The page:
These unexpected life events had a profound effect on Carter. At first, she felt isolated in her own busy world. By finally sharing the news of her bout with cancer, she experienced new energy and clarity.
"Illness can make you feel like the loneliest person in the world but also part of a huge community," she said. "I was literally hiding it at work. Then I shared it on air and suddenly you hear of all these people to have had something like this happen to them."
Carter was off air for a couple months, and she returned to work with a new perspective and a commitment to living without regret. She's demonstrated thisdedication through her charitable work. Atlanta's Piedmont Hospital includes a wing with Carter's name---"something that will hopefully outlast my life," she says---and she volunteers regularly with the National Kidney Foundation, the American Kidney Fund and the Georgia Transplant Foundation. She also competes in the biennial U.S. Transplant Games, winning two silvers and a bronze since her debut performance in 2004.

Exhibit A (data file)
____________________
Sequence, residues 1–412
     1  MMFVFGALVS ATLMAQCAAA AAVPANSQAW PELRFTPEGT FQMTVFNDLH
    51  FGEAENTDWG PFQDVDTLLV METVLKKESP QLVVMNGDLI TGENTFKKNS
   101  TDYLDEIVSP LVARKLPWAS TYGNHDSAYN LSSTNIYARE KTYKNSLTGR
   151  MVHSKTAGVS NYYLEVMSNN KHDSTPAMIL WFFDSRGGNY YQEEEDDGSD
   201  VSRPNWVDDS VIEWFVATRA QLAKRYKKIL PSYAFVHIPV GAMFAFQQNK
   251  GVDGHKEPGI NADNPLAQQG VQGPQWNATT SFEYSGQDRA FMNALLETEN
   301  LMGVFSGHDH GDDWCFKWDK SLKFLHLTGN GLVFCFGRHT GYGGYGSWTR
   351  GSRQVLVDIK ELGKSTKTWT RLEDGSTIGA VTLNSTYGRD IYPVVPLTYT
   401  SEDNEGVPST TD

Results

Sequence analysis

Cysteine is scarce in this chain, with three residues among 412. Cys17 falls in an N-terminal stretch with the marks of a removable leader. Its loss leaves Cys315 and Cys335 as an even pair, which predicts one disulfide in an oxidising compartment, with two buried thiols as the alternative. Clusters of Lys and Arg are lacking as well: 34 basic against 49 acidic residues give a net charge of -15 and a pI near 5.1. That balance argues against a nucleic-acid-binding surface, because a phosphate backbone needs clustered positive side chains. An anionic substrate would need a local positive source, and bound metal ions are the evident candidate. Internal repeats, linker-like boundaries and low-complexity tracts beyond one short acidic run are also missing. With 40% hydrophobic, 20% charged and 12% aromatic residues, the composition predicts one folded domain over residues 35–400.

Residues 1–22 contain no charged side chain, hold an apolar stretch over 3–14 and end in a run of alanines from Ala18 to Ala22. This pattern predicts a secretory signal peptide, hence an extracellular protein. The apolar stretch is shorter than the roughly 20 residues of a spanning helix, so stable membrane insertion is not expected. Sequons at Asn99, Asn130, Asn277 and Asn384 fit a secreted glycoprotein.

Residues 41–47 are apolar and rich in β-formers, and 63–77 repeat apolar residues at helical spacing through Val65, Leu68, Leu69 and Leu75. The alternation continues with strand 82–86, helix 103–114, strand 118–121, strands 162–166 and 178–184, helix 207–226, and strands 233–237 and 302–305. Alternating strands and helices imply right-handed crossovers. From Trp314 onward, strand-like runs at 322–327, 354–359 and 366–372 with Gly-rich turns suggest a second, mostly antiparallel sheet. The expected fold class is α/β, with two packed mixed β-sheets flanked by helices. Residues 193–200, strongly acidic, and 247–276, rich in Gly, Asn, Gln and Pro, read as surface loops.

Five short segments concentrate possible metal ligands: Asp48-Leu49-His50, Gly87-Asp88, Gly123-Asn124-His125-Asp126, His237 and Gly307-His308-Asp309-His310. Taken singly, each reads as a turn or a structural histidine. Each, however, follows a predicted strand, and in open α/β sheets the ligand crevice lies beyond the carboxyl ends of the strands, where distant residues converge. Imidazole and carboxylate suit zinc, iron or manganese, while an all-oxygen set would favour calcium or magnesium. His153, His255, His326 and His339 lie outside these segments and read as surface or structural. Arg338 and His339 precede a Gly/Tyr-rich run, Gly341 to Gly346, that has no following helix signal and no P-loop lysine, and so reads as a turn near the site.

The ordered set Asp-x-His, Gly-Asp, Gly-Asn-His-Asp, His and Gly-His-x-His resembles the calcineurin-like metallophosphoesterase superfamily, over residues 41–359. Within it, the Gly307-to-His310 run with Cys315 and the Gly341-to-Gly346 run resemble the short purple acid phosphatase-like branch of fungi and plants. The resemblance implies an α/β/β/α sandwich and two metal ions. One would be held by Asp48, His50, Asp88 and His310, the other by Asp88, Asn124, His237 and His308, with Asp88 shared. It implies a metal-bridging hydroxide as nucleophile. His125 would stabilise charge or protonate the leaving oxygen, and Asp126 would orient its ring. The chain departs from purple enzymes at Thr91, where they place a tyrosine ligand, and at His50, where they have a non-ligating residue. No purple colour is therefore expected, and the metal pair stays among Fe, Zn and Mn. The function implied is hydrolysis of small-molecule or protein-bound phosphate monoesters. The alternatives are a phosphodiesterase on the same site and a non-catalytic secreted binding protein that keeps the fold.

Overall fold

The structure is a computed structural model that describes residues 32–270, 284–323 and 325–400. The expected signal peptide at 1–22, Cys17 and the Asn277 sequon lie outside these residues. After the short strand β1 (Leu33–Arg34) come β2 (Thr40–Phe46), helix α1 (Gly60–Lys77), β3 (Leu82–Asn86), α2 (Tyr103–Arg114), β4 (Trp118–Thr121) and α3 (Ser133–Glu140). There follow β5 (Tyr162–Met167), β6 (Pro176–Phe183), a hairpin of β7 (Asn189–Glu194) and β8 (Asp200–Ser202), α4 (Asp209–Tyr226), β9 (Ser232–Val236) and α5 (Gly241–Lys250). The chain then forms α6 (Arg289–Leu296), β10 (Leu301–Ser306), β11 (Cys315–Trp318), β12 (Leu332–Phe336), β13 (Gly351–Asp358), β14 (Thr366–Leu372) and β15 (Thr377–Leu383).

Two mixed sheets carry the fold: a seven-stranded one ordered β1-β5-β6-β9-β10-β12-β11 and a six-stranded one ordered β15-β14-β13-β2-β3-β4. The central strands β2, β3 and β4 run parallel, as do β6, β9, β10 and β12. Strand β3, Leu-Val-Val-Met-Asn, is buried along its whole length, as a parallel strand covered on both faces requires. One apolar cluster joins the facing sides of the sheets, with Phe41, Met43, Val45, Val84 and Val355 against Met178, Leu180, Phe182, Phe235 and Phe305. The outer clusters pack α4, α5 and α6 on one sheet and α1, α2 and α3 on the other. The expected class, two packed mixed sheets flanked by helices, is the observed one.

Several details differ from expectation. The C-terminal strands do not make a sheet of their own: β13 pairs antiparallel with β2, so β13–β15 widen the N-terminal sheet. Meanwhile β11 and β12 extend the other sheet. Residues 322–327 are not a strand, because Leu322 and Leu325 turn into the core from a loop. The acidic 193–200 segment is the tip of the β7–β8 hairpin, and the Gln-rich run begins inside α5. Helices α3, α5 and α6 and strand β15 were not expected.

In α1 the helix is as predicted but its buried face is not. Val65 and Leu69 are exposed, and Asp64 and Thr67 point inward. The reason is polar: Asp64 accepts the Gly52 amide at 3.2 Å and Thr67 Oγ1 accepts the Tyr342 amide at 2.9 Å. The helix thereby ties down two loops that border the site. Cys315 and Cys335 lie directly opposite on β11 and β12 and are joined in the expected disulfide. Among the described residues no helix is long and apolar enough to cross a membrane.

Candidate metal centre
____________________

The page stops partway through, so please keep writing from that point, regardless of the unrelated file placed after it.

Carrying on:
Another cause close to her heart is the fight for gay rights. Carter has been out to the public since 1997, when she participated in a radio dating segment while employed at 99X. She insists that she felt no fear in speaking publicly about her personal life.
"There are plenty of DJs across the country who are gay," she admitted. "I've been in this business for fifteen years with the same people and have never had any problems. Now that I’m much older, I wish I could’ve been honest with everybody a lot sooner."
Opening up to her family about her homosexuality was a significant emotional hurdle. She attributes her survival to a "fiery personality" and their slow but steady acceptance.
The city of Atlanta has also shown her great support, and Carter notes that one of the most rewarding parts of her job is reading mail from people who are struggling with their own sexuality.